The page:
The interior of the restaurant was incredible. We felt totally transported, especially when we considered that a few blocks away we were pushing through crowds and vendors trying to sell us things, thanks to the lush decor, the soft music playing, and the warm emanating from the smells, the music, the textures, the foods, and the people.
Except for the people sitting next to us. I have never felt my heart break so much for strangers I was so close to before. I don’t want to overtake this travel recap with this anecdote, but we were sitting next to a Chinese-American girl who was about our age and her mother. The mom would enthusiastically ask about certain sights and the daughter would just shoot her down repeatedly, venom with every single word she spat out. Even then, the mom kept trying to connect and get her daughter excited about something but the daughter was SO MEAN. And it was painful for us to hear because we could understand both the English and Chinese frigidness and pain, and for me it was extra painful because I know that sometimes I lose my patience with my parents and don’t sound too different from that girl. I really wish I had done something to comfort that mother, somehow, but it just wasn’t my place.
That experience aside, we had a really lovely meal and felt so warmed through that we went back out to Trocadero to take in some more Eiffel Tower sights. Trocadero is one of the best spots to get photos of the Eiffel Tower, so coming really early in the morning or really late at night will get you some amazing shots without too many people in the shot. There is a lot of room, though, so you may still luck out.
With that, our day ended and we headed back to the hotel, feeling so satisfied with how much we maximized that last day of Paris Pass value! Without having to run around too much to do it!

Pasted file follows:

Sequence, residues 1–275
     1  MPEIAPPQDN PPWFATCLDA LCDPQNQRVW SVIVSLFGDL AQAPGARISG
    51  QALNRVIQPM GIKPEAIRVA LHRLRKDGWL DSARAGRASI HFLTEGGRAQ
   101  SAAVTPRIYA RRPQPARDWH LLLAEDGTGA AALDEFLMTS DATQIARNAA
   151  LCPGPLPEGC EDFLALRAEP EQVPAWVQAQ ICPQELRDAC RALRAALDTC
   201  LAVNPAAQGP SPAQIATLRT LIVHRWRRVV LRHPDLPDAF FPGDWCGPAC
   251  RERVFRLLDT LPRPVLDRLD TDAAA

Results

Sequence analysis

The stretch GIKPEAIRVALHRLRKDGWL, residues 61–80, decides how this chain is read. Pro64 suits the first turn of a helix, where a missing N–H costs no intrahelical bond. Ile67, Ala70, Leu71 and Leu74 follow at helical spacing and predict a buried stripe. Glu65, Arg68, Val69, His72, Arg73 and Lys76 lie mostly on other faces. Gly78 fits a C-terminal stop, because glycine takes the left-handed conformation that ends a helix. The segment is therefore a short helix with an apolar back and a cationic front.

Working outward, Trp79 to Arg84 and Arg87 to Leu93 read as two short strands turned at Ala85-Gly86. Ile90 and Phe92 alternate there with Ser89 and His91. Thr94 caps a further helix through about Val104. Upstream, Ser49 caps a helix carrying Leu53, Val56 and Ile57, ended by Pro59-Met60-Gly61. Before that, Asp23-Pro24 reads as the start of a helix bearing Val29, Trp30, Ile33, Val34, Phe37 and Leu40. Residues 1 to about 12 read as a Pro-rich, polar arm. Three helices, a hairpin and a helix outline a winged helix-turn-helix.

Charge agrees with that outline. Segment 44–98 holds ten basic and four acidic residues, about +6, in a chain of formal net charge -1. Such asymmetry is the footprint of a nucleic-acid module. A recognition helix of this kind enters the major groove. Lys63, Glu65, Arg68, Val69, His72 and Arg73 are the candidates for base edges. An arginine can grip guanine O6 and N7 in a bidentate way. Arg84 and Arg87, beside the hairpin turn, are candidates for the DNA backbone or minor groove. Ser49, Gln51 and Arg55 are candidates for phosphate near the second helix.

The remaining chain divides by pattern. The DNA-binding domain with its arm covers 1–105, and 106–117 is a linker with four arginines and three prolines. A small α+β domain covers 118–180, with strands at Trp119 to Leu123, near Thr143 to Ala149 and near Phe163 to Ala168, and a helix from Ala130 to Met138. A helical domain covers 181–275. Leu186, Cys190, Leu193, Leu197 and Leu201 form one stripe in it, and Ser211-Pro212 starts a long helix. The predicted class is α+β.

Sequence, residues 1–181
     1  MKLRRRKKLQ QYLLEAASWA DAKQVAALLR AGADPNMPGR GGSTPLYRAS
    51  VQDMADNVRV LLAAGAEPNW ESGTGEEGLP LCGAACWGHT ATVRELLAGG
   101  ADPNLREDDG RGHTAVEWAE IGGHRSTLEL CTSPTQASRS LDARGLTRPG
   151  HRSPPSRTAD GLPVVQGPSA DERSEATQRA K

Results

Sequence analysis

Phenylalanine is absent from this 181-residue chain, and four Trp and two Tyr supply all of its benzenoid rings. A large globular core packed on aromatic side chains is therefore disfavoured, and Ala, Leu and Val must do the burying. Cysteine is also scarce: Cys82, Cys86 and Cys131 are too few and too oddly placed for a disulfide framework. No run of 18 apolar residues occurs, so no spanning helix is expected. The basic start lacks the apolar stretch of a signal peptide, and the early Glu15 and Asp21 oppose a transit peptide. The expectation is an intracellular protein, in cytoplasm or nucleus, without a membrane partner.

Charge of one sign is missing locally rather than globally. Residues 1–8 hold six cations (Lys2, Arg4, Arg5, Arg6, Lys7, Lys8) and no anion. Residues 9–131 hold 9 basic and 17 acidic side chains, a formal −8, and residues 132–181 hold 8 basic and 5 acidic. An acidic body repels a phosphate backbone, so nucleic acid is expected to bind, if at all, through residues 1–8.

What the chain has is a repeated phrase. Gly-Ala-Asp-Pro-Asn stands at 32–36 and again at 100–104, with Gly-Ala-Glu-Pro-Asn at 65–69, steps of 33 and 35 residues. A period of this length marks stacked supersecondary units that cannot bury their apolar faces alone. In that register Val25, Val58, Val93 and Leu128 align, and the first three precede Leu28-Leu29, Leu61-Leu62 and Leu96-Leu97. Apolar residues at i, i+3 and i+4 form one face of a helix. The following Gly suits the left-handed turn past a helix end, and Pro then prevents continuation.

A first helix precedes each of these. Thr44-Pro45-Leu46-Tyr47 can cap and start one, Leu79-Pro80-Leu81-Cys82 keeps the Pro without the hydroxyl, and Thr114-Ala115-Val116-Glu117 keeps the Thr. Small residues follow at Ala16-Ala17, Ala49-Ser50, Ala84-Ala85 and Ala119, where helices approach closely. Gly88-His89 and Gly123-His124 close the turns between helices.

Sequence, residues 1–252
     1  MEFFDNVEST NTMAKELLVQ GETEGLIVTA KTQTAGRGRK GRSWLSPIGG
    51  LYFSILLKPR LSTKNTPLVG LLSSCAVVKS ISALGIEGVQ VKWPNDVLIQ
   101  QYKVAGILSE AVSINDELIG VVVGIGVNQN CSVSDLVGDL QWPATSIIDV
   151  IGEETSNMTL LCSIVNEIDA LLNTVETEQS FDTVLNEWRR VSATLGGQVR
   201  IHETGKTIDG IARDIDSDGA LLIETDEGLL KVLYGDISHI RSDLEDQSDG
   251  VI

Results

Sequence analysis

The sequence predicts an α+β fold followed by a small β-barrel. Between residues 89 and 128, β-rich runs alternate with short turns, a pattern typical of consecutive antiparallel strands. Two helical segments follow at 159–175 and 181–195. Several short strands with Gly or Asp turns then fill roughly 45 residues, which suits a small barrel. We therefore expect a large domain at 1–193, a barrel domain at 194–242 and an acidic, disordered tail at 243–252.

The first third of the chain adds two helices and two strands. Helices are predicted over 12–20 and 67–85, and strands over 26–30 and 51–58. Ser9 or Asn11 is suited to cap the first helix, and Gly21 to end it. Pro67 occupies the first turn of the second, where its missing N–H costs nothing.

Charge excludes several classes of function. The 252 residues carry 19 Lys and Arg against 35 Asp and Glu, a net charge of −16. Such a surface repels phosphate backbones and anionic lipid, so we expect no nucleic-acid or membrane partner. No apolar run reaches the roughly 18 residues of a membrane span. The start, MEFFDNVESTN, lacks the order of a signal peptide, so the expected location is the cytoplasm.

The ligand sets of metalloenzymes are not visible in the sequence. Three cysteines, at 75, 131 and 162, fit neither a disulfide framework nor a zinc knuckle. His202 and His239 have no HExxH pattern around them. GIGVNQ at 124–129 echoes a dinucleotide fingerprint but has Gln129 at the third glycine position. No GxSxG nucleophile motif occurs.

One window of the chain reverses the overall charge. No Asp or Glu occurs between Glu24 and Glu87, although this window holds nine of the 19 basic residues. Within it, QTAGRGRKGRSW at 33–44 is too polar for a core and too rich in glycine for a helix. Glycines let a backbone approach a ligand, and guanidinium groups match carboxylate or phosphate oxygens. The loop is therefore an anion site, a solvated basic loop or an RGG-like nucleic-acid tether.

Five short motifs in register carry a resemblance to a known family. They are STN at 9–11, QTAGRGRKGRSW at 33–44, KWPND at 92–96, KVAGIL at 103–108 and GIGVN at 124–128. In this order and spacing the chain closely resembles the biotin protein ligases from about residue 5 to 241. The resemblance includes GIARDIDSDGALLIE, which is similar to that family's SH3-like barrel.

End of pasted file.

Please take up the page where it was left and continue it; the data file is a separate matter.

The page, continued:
Do you get a thrill out of maximizing value like we did? The value of maximizing value is up there with the actual value of sightseeing we got out of this, no joke. It was so much fun and we felt really proud of ourselves, if a little exhausted at the end.
What are your favorite ways to cover a lot of ground when you’re sightseeing? I love love hop-on/hop-off, and I also really liked the river tour. I also got a kick out of hop-on/hop-off boat tours in the canals in Copenhagen. (That blog post will eventually come up!)
Have you ever intervened when you saw strangers in an awkward situation? Nothing really bad was happening but I felt like I wanted to do… something. It was just so not my place that I didn’t know how to do something, but I literally cried in the restaurant for a while after that mother-daughter duo left because I felt so sad for the mom and so sorry I couldn’t do anything for her and so sorry that I couldn’t make the daughter see how terrible she was being.
Anyway, the Paris recaps are coming to a close very soon! I am actually heading to New Orleans for RubyConf today and am so excited because New Orleans has been at the top of my list of American cities to visit for the first time for quite some time now! I will try not to drop the ball with the Paris recap update schedule.